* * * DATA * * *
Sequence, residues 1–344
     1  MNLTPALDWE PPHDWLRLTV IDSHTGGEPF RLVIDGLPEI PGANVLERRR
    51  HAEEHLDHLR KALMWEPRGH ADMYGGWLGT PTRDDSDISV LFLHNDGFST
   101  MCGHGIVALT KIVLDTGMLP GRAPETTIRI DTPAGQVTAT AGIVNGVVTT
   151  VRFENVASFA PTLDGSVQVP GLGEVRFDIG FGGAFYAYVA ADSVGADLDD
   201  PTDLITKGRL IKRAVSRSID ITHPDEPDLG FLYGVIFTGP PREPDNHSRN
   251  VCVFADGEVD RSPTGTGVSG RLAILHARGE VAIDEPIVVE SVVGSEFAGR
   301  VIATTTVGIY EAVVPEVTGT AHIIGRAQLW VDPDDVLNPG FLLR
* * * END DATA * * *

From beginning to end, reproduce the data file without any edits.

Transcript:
Sequence, residues 1–344
     1  MNLTPALDWE PPHDWLRLTV IDSHTGGEPF RLVIDGLPEI PGANVLERRR
    51  HAEEHLDHLR KALMWEPRGH ADMYGGWLGT PTRDDSDISV LFLHNDGFST
   101  MCGHGIVALT KIVLDTGMLP GRAPETTIRI DTPAGQVTAT AGIVNGVVTT
   151  VRFENVASFA PTLDGSVQVP GLGEVRFDIG FGGAFYAYVA ADSVGADLDD
   201  PTDLITKGRL IKRAVSRSID ITHPDEPDLG FLYGVIFTGP PREPDNHSRN
   251  VCVFADGEVD RSPTGTGVSG RLAILHARGE VAIDEPIVVE SVVGSEFAGR
   301  VIATTTVGIY EAVVPEVTGT AHIIGRAQLW VDPDDVLNPG FLLR